• onecity

          Every single street in Shaw should be opened up. It’s re-fucking-tarded that there are any closed streets there at all. Every single street in every single STL nabe should be re-opened, because only backwater has-been moron cities actively try to destroy their urbanness. Am I being harsh? You betcha. Am I being too harsh? Hell no.

  • STLEnginerd

    Seems like Vandeventer is the better alternative route for a lot of the arterial traffic. I’m sure Tower Grove will see some increases but it with all the stop signs i doubt it will be preferred by most through traffic.

    • Chris Cleeland

      Agreed vandeventer is a better detour, though that was placed on a road diet as well east/north of kingshighway. Still, if there were a route to convert back to multilane, it would be THAT one.

      I’m not sure where these stop signs are that you are thinking of; Tower Grove Avenue btw. Magnolia and Shaw has no stop signs, and is the stretch about which Matt writes.

      • Alex Ihnen

        Vandeventer east of Kingshighway was reduced to two traffic lanes with a center turn lane a couple years ago, but it has long since been returned to four traffic lanes.

        • Yes, Vandeventer is much nicer for biking now that it is back to four traffic lanes. The lanes are relatively narrow, which makes it easy for a cyclist to control his/her lane.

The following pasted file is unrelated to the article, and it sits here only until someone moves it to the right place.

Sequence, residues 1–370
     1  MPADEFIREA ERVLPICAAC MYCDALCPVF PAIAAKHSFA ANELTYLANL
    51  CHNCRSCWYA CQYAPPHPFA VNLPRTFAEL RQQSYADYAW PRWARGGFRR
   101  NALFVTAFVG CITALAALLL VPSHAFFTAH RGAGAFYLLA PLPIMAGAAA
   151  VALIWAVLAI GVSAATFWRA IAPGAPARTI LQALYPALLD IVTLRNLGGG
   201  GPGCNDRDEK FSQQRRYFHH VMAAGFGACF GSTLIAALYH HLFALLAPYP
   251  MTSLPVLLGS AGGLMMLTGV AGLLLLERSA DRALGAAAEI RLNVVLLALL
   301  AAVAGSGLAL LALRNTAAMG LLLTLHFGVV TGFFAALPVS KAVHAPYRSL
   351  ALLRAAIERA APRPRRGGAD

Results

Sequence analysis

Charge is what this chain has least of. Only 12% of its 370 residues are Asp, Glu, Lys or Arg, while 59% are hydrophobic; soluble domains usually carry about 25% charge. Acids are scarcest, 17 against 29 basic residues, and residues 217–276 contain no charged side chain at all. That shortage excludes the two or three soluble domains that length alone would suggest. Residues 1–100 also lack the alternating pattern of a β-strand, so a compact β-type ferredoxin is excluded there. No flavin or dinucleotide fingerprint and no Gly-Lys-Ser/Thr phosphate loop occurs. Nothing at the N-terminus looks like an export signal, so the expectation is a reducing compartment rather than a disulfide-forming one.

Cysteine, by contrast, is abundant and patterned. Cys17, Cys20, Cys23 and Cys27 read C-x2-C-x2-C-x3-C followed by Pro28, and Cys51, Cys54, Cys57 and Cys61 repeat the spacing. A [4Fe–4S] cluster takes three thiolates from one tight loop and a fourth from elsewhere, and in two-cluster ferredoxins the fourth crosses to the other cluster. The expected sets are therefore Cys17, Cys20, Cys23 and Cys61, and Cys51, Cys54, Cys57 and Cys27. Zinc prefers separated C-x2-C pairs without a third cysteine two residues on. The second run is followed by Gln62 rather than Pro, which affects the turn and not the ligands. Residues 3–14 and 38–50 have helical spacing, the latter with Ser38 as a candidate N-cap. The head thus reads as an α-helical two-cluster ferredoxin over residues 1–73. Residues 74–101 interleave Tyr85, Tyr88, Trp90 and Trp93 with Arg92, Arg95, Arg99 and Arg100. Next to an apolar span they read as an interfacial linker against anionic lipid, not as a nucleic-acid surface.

• Alex Ihnen

            I don’t disagree, but I’d rather have street parking with bike lanes and two travel lanes. The problem with Vandeventer at two lanes here (with or without bike lanes) is that it’s four lanes west of Kingshighway and north of I-44, making this stretch confusing without other changes.

          • It’s very difficult to have space for truly non-Door Zone bike lanes in areas with street parking. Not that I’m opposed to on-street parking, it just doesn’t mix well with bike lanes.

          • kjohnson04

            As I recall, biking on Vandeventer during the road diet was nice. There was a no parking shoulder of sorts, forcing drivers to stay in a lane. The problem was the colossal back ups during evening rush-hour. At times, cars would be stopped at the light at Shaw up to almost Kingshighway.

      • moe

        Nature finds a way and so will the drivers. Many if not most will take Southwest at Kingshighway east/north to 64 and 40 and yes, Tower Grove Ave and then turn left to head north into Forest Park Southeast. But in any case, shouldn’t the entire stretch be taking into account rather than just these 4 blocks? Traffic..any and all of it…won’t just appear and disappear at the ends of these blocks…Isn’t this just NIMBY to be concerned with just this short section?